Males also exhibit a strict dominance hierarchy, with the highest-ranking male having the highest access to reproductive females and fathering the majority of infants born in the group during his tenure (Engelhardt et al. 2004). The second-ranking male, or beta male, fathers the remaining 20% of infants born into the group (de Jong et al. 1994). Aggressive interactions between males result in serious injuries, especially lacerations from their long, sharp canine teeth. Injuries obtained while fighting can lead to increased mortality through infection or predation (Wheatley 1999; van Noordwijk & van Schaik 2001). The relationship between the alpha female and male is maintained by grooming. The alpha female grooms the alpha male frequently, and interferes through aggressive behavior if lower-ranking females associate with him. Males of any rank groom females most frequently during estrus (Wheatley 1999).

Long-tailed macaque group inspecting injured male
Macaca fascicularis

Males emigrate from their natal groups with groups of their peers before sexual maturity, usually between four and six years old (de Jong et al. 1994). They generally immigrate into adjacent groups, but in their new groups young males will not attempt to establish themselves in the dominance hierarchy until at least seven years of age. Usually by nine years, they will attempt to take over the top position. If one male of the peer group attains the top rank, rather than challenging him, his peers will immigrate into a new group (van Noordwijk & van Schaik 2001). Males migrate multiple times over their lives and if they are unsuccessful at achieving the top dominance rank, they will immigrate into a new group and attempt another take-over. The average residence of males in a group is 45 months (van Noordwijk & van Schaik 1999; 2001). Even though they leave their natal groups, the sons of high-ranking females are more likely to have higher ranks in the dominance hierarchy of their new group than sons of low-ranking females (van Noordwijk & van Schaik 1999). Once a young male gains the position of highest-ranking male in the group, he will only hold that position, on average, for a period of three years (de Jong et al. 1994). When a male takes over for a former dominant male, the group conditions are conducive to infanticide. Males kill infants that are unlikely to be their own in order to shorten interbirth intervals. Females that lose a nursing infant will come into estrus faster than if they reared the infant completely. By inducing cycling in females, infanticidal males thus increase their chances of siring offspring as soon as possible after a take-over (Hrdy 1974).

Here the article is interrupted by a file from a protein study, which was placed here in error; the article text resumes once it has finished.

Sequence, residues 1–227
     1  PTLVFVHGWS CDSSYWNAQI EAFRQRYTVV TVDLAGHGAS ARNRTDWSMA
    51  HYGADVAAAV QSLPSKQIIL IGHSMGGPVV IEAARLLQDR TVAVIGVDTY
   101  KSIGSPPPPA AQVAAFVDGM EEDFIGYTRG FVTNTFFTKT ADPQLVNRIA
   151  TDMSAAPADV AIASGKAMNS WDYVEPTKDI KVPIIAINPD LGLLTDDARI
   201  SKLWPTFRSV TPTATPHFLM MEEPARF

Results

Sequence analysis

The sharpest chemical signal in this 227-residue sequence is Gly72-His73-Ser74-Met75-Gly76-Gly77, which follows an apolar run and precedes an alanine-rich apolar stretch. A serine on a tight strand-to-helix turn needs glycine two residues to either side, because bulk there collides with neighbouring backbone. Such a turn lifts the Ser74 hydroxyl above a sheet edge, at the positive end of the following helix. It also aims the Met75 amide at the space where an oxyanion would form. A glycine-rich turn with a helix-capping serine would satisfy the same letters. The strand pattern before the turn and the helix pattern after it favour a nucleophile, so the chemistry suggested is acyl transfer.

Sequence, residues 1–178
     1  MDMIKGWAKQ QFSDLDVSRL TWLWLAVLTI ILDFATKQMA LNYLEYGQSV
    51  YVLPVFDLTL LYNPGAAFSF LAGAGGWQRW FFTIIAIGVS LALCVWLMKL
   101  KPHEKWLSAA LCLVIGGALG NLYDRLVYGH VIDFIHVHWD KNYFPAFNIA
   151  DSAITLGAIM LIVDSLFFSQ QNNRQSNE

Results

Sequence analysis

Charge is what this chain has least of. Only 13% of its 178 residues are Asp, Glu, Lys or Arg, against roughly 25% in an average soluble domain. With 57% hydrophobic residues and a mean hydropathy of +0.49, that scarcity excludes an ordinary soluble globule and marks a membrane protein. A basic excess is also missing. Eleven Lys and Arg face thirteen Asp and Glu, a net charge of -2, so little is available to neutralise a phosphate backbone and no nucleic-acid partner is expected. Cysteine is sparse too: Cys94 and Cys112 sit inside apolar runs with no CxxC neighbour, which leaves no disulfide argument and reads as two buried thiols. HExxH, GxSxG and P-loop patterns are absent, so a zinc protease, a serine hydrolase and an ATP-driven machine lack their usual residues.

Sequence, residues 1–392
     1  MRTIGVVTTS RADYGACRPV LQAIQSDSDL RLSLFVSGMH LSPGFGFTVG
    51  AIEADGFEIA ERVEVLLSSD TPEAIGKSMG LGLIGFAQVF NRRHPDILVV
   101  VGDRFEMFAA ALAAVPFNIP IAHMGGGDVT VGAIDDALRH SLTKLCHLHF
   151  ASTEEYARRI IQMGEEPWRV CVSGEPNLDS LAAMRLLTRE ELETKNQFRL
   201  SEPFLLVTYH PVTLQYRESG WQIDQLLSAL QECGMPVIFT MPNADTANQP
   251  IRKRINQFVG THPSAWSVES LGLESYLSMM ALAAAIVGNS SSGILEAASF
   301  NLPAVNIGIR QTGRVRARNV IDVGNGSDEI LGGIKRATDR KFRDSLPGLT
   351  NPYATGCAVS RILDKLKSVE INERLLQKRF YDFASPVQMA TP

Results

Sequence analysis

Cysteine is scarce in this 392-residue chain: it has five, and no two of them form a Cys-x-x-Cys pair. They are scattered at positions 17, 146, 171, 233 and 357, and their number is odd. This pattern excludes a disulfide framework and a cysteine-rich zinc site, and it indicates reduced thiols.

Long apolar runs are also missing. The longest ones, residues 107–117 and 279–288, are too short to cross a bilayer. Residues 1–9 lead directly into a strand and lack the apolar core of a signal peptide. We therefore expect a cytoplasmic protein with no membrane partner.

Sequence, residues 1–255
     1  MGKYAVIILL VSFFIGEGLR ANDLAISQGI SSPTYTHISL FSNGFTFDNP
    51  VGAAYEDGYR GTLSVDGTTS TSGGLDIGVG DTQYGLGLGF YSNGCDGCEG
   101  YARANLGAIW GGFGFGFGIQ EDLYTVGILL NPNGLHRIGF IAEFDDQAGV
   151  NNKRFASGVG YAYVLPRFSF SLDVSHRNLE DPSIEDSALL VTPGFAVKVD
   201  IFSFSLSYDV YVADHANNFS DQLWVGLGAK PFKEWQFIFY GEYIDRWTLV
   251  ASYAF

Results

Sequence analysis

Reproductive output is linked to dominance status among female long-tailed macaques. The highest-ranking females have more offspring over their lifetimes than lower-ranking females, not only because they begin to reproduce at a younger age but also because their offspring have a higher chance of survival (van Noordwijk & van Schaik 1999). Some factors that contribute to the higher rate of survival for high-ranking females’ offspring include: better access to food, a more central position in the main foraging group which offers protected from predators and a decreased likelihood of being harassed by low-ranking females (van Noordwijk & van Schaik 1987). Long-tailed macaques exhibit birth seasonality, which varies slightly across their range. In Gunung Leuser National Park on Sumatra, the majority of the births occur between July and November (van Noordwijk & van Schaik 1999). Where they are studied on West Java, there is a concentration of births in January and February (Engelhardt et al. 2004). Female reproductive success is linked to food availability; during years of high food abundance, birth rates are higher than years with food scarcity and in years with mast fruiting events, births occur earlier and are more frequent than in years with average fruit availability (van Noordwijk & van Schaik 1987; van Schaik & van Noordwijk 1988).